Fedora, Mint, and Ubuntu are all reasonable: it really depends on what environment you like. Ubuntu's Unity makes you computer look as if it's turned into a smartphone, but some people like that. If you get Mint or Ubuntu, get the long-term support version, or you'll be re-installing every six months. Fedora's very good at doing upgrades from one version to another, but don't let it do automatic updates between versions, or you may get "enhancements" that just break things.
 
Old 10-28-2013, 01:31 PM   #7
suicidaleggroll
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Quote:
Originally Posted by tommcd View Post
There is an old saying that goes something like this:
If you want to learn Red Had, then use Red Hat. If you want to learn Linux, then use Slackware.
Sure, if you want to learn how Linux works then Slack is a good choice, but if you want to learn how to use Linux, it is not. I've used a LOT of distros over the years, and Slack is nothing like the rest.

The way you install the OS is nothing like any other mainstream distro
The way you install software is nothing like any other mainstream distro
The way you maintain software is nothing like any other mainstream distro
The way you resolve dependencies is nothing like any other mainstream distro
etc.

In fact, if you treat any other distro the way you have to do things in Slack, you'll break it in no time.

It's good to know how the underlying bits and pieces work, but that doesn't tell you anything about how to set up, maintain, or use any mainstream Linux distro.

In my opinion, if the entire goal of this adventure is learning how Linux works at the lowest level, then Slackware is a good choice. However, if the goal is to set up a solid Linux system, become comfortable in it, and then use it to do something productive, all in a reasonable amount of time, there are much better options.

Last edited by suicidaleggroll; 10-28-2013 at 01:39 PM.
 
Old 10-29-2013, 04:21 AM   #8
kooru
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+1 for Slackware, if you learn linux.
Linux Mint if you want a system "all ready" to work on your projects.
 
Old 10-29-2013, 04:38 AM   #9
evo2
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Hi,

any of the three distros you mention should be fine for coding some python. Regarding blender, check to see if it is already packaged for each distro.

For example, check ubuntu:
http://packages.ubuntu.com/search?ke...searchon=names

I'm less familiar with Mint and Fedora, but you should be able to perform a similar search.

Other things to consider

* Release cycle.
- Fedora has a fast release cycle, meaning users should fully upgrade their system each 6 months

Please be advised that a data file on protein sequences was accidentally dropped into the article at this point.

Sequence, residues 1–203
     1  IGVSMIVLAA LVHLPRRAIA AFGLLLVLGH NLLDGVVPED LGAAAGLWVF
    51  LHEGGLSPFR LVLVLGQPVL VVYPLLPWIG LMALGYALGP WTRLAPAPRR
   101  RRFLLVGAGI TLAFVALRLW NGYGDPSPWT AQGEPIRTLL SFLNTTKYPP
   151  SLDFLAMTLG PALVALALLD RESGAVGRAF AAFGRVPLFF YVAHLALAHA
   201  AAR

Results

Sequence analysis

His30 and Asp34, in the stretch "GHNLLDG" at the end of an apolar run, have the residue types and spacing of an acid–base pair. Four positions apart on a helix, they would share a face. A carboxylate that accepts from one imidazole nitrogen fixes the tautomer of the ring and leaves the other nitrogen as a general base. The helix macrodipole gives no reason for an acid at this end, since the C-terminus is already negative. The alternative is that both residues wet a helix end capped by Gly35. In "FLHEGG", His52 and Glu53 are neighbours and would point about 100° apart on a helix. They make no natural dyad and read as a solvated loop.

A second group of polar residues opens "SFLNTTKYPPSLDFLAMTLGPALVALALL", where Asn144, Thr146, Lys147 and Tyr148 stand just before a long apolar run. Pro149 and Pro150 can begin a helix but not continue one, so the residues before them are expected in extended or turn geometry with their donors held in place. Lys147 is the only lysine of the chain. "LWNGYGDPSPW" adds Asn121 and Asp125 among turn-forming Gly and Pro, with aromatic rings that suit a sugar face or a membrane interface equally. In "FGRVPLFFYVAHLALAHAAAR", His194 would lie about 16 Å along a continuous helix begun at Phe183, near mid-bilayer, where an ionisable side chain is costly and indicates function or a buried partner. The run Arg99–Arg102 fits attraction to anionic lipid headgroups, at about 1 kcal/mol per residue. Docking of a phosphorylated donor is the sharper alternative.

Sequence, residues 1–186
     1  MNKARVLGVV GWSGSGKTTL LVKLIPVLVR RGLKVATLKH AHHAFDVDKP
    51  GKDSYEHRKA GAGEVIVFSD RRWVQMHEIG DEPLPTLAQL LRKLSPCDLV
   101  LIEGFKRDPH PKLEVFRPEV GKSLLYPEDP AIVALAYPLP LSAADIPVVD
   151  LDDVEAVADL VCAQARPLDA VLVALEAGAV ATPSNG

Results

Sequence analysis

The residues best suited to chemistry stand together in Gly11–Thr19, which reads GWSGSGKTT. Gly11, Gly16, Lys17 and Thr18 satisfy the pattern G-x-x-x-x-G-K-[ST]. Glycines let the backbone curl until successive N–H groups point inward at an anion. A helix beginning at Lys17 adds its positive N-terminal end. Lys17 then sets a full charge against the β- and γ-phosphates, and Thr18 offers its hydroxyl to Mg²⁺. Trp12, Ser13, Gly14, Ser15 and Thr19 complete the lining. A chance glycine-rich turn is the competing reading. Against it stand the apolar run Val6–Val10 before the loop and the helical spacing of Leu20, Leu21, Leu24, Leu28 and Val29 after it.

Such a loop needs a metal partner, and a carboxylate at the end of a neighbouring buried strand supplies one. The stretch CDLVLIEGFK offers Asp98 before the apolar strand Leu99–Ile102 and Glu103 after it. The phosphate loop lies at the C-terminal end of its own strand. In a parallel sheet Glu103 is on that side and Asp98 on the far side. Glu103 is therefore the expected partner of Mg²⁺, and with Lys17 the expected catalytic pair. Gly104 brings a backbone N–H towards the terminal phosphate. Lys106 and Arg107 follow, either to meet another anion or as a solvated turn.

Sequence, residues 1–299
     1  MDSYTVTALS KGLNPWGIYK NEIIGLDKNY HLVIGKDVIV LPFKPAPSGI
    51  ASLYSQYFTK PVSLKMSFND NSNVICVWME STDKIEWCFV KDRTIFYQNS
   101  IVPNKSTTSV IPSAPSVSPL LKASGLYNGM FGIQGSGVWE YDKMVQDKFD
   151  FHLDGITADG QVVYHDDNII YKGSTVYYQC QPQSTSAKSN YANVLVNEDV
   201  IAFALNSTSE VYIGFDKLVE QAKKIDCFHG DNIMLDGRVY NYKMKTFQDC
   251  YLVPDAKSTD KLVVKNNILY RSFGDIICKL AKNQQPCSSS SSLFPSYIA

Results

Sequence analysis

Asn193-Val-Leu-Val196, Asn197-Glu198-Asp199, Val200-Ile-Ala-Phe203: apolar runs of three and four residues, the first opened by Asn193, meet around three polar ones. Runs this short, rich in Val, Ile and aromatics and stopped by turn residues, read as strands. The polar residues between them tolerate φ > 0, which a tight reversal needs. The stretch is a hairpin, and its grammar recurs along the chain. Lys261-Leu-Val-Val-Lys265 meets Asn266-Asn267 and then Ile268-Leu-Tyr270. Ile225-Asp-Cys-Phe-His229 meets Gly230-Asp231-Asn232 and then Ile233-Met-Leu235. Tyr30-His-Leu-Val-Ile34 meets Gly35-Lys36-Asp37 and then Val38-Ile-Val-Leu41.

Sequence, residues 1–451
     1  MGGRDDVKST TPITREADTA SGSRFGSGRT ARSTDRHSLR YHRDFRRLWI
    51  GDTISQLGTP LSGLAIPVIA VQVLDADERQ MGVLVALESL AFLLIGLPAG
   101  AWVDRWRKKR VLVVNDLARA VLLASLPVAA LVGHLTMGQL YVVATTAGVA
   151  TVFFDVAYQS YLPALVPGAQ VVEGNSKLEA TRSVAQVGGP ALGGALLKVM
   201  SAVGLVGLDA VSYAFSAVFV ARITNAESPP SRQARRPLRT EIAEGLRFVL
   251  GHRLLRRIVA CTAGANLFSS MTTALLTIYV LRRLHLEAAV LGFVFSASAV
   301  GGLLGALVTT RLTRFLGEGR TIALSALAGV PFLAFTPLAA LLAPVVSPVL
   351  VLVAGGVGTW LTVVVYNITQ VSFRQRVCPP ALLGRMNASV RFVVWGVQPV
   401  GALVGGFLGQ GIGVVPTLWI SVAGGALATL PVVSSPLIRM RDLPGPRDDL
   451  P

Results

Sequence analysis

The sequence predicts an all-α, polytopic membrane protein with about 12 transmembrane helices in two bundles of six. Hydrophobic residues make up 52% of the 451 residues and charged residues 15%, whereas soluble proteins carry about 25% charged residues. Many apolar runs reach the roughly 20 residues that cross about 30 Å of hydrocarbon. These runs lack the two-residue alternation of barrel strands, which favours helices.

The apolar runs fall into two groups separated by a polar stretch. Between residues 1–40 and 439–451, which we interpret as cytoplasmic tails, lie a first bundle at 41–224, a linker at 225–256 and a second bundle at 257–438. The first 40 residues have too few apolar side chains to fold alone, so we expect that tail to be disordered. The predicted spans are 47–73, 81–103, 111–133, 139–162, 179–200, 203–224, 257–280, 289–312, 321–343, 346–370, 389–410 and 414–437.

- Ubuntu also releases each 6 months, but also provides a longterm support (LTS) release that is updated each two years
- Mint is based on Ubuntu and as such has a similar release cycle (I'm less familiar with Mint)

* Packaging and familiarity
- Fedora is kind of like the upstream of RHEL so you will likely find some things familiar from your CentOS experience
- Ubuntu and hence Mint are derived from Debian which has a slightly different approach to RHEL

There are other things you may like to consider, but hopefully these will give you a start.

Please note that I am trying to address your query, not sell you my preferred distribution.

HTH,

Evo2.
 
Old 10-29-2013, 10:27 AM   #10
szboardstretcher
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Well, most of the stereotypes have been fulfilled in this thread ... You've got the "+1 slackware" poster, the "-1 slackware" poster, the "define every term the OP mentioned" poster, the "consider this" poster,..

I shall be "the not so serious poster" and also "the guy that says to just research the question on google."

There, now all the bases have been covered!
 
Old 10-29-2013, 01:33 PM   #11
DavidMcCann
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I'm going to ruffle feathers by making a further comment on Slackware. In another post, someone has just suggested a "solution" which involves editing a file the OP doesn't have. The would-be helper forgot that the file in question no longer exists if you have systemd. Over the years, I keep seeing this happen: "edit your xorg.conf" — "I can't find an xorg.conf." Slackware works very well in the way that it does, but that way hasn't changed much since the 1990s. If "learn Linux" means learning about the kernel, the Gnu tools, or bash, then any distro will do. If it means learning how the majority of distros boot-up and configure themselves, Slackware experience will teach you little.
 
Old 10-29-2013, 04:07 PM   #12
snowpine
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My motto is: "If you have to ask... Linux Mint."